Ethical protocols were undertaken for the school board identified by the author as potential candidates for inclusion in the research. By the time data collection was scheduled to start, school board had approved this study. Hence principals, teachers, and students from schools within that district were invited to participate. The ethical protocols of particular interest to school district ethic board were the following: informed consent letters for both students and their parents or guardians to indicate voluntary involvement in the research.
The questionnaire of students’ attitudes toward STEM-PBL was a 25 Likert-formatted items to measure student attitude toward varied aspects of STEM-PBL. The scale has five sections including student self-regulated learning, collaborative learning environment, interdisciplinary learning environment, technology-based learning and hands-on activity (Han & Carpenter, 2014; Najafi et al., 2012) . Figure 1 illustrates the features of the STEM-PBL as were explained in the previous section.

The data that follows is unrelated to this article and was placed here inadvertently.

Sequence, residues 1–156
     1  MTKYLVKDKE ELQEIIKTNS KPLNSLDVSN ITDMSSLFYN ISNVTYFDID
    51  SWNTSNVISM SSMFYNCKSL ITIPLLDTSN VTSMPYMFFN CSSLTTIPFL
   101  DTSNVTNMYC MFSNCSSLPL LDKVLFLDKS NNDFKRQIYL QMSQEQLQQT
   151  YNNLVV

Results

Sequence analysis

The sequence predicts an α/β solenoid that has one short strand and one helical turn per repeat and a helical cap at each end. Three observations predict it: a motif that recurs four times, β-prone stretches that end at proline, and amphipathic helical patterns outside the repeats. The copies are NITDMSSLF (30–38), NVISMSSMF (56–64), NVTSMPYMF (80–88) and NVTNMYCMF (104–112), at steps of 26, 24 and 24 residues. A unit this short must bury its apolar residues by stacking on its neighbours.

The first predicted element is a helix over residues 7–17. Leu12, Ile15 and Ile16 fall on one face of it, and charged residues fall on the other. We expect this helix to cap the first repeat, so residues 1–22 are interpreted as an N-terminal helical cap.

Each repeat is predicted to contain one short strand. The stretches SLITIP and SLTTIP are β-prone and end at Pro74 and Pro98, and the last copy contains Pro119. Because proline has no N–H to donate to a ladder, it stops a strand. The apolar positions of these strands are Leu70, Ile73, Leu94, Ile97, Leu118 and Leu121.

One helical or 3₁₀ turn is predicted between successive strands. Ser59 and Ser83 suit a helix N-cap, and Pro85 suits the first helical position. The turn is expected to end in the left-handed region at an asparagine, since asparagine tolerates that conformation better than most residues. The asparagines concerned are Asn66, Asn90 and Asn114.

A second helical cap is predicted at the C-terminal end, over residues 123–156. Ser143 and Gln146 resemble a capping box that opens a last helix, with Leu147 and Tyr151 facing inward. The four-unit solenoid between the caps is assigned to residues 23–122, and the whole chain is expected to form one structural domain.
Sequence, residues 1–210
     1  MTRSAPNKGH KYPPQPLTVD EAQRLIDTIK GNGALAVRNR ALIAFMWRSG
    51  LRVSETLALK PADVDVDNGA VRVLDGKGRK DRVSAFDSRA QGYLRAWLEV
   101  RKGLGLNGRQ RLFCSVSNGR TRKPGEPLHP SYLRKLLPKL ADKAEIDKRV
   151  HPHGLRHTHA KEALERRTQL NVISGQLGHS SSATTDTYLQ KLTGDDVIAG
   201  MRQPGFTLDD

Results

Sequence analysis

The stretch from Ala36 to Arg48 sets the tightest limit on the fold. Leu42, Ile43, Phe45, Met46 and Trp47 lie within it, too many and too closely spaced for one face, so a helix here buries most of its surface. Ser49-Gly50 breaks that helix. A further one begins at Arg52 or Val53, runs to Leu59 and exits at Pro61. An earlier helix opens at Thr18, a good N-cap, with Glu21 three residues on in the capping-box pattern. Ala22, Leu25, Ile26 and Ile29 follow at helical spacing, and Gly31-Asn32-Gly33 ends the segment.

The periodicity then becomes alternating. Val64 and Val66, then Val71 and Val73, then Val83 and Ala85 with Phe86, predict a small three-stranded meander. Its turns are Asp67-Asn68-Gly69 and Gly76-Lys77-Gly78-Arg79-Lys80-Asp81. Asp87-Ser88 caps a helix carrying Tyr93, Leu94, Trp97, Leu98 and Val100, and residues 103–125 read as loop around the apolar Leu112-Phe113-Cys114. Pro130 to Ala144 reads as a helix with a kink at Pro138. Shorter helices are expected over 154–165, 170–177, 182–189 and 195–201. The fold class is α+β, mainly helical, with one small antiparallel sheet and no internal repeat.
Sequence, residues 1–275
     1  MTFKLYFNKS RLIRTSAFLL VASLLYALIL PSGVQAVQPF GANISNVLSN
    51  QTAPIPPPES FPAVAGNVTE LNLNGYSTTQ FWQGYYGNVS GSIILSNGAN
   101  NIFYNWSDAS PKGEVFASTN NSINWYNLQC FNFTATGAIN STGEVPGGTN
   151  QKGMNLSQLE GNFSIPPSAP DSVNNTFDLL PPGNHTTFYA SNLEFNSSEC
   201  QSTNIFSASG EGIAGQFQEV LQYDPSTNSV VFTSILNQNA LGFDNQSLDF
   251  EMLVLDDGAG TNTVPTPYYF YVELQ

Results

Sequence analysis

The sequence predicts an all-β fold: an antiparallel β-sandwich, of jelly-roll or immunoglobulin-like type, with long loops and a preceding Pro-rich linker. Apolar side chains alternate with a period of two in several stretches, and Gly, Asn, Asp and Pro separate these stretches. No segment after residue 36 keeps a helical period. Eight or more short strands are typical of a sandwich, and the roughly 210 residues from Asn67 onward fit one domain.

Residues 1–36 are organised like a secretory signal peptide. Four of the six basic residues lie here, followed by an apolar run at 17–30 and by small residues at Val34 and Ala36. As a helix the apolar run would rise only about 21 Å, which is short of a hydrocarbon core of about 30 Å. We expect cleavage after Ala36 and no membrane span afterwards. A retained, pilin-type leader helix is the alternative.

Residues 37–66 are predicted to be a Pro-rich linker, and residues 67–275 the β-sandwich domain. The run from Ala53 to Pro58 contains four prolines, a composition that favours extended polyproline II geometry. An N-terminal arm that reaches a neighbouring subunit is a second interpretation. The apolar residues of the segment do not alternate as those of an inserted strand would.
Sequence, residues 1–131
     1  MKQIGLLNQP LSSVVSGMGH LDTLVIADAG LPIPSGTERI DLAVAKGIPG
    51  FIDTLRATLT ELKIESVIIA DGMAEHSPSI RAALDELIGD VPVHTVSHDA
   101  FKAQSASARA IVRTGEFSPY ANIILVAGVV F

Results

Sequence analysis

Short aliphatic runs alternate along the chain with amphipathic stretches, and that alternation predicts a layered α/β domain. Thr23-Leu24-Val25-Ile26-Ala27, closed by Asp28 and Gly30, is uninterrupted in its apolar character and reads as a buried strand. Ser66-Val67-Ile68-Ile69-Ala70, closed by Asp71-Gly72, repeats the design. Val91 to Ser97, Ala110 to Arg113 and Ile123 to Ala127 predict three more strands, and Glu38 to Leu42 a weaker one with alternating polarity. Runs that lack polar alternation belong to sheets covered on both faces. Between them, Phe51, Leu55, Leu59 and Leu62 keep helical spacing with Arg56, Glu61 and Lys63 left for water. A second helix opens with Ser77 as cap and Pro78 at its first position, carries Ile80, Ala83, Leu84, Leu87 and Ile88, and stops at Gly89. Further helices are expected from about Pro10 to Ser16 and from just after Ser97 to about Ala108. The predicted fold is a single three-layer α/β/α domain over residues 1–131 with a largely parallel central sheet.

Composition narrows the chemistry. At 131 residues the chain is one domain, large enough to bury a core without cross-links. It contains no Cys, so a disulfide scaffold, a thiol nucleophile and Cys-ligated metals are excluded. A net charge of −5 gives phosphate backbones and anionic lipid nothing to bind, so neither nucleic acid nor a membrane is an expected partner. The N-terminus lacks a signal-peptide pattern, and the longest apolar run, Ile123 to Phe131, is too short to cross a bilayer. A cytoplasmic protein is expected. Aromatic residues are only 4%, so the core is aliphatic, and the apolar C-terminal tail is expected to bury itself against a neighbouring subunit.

To prepare the scale for this study, translation and back translation was independently conducted by two expert reviewers; both were fluently bilingual in English and Persian language. Following confirmation of translation accuracy, the scale was administrated, and participants were asked to choose one of the options in 5-point scale, ranging from strongly disagree to strongly agree, to show their attitude for each item. Most of the participants were able to complete the questionnaire within 15 minutes.
Besides the above-mentioned instrument, a demographic survey (See appendix)was administered that had ten items, regarding their gender, age, GPA, parents’ education, and also some information about their interests in technology and the amount of time that they usually spend in using different types of technology.
The collected data were explored for the basic statistical assumptions such as normality. Then, to acquire the confirmation regarding the factors, which Han and Carpenter had found in 2014 and the position of each item in relation to above noted factors in the questionnaire, a confirmatory factor analysis using the Structural Equation Modeling through AMOS software 18.0.0 version used.